I have practiced t'ai ch'i ch'uan and ch'i kung and have felt the ch'i or vril flow through my body. And I have experienced powerful effects from the practice of martial arts. The famous martial artist Bruce Lee had a technique he called the "one-inch punch" whereby the mental focus of ch'i in his fist enabled him to knock a man across a room with a punch that traveled no farther than one inch. Intrigued by this, I practiced until I could knock one of my pillow-protected sons back several feet with the one-inch punch. When I was in the Marine Corps I lost my temper once and hit a man on the chin, automatically focusing my energy as I did so. He flew off the ground and back five feet before landing. Amazingly, I never actually felt any contact with his chin, and he did not have the slightest bruise.
The Japanese concept of ki is virtually identical to ch'i. Japan also has the ancient tradition of the recently popularized ninja, who were supposedly able to use their ki for superhuman feats and magical abilities. One of their presumed powers was the ability to become invisible. Using techniques of breathing and mental focus I have used this on a number of occasions, although it appears to work by diverting the attention of others rather than causing any physical change. To share another Marine Corps story, it was the policy when I was in, for every Marine, at least in the infantry, to spend thirty days a year on kitchen duty. So every month the troops lined up and the men to go on "K.P." were selected. I felt that I could serve my country better in the field than in the kitchen, so when the troops lined up for selection I just "turned invisible." Strange as it may sound, the fact is that I served three years without any kitchen duty.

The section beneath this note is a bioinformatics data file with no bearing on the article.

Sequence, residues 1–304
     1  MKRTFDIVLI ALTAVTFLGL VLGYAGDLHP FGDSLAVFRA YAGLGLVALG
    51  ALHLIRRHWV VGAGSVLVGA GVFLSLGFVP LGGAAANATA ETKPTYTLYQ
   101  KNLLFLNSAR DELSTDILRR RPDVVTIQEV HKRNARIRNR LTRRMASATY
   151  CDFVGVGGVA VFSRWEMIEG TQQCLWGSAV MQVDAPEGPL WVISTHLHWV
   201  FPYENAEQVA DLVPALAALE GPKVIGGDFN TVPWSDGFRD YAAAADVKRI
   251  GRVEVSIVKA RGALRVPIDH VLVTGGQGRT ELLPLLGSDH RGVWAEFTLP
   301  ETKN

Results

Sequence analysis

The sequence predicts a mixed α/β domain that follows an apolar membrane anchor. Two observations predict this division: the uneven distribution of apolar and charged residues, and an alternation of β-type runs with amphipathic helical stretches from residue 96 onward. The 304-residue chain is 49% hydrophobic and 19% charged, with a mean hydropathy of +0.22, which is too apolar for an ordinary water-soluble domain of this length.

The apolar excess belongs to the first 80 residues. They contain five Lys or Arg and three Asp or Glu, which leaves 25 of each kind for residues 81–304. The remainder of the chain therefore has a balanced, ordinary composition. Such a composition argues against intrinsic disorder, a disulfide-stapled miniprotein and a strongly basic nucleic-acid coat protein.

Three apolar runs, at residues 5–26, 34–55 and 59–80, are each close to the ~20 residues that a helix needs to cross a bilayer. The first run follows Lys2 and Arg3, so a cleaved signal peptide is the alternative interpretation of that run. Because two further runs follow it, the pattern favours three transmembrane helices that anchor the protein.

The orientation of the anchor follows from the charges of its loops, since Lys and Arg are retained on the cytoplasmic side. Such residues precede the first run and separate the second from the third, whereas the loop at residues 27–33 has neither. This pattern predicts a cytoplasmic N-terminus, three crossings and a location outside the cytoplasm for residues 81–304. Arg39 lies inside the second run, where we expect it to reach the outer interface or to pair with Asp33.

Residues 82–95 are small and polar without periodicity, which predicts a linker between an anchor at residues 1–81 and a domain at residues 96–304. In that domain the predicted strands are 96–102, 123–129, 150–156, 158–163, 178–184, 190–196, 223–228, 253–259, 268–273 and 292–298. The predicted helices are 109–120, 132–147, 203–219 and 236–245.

Middle Eastern Mysteries
At Baalbek in Lebanon there are enormous stone blocks, quarried, shaped and carried to a temple site by means unknown, not only to the ancients as far as we know, but by means unknown to our present technology. Three of the blocks at the temple site weigh one thousand tons each. There is not a crane in the world that could lift them, even supposing there were a vehicle that could carry them. And one dressed block still at the quarry site weighs two thousand tons, impossible to move by our present standards, but the stones are uncomfortably there. Other sites containing gigantic blocks abound in the Middle East and around the Mediterranean. Egypt contains some of the best known examples. Not only the pyramids, but massive temple foundations and colossal statues demonstrate an unknown technique of transportation. Of course, a number of plausible theories about the construction of the pyramids exist.